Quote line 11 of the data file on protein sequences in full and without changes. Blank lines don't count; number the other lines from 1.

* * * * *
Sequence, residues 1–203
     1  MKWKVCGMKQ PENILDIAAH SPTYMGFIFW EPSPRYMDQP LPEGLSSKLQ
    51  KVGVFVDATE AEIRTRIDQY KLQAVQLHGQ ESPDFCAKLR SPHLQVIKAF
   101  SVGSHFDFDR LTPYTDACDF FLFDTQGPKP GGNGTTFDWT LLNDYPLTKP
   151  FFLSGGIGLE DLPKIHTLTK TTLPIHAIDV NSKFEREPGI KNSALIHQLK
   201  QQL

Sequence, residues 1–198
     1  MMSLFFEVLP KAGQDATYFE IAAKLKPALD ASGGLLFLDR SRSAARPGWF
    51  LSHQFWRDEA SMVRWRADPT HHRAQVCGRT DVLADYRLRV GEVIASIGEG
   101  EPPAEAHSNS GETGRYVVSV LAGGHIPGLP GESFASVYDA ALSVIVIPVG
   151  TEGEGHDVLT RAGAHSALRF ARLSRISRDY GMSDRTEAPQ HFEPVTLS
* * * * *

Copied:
   151  TEGEGHDVLT RAGAHSALRF ARLSRISRDY GMSDRTEAPQ HFEPVTLS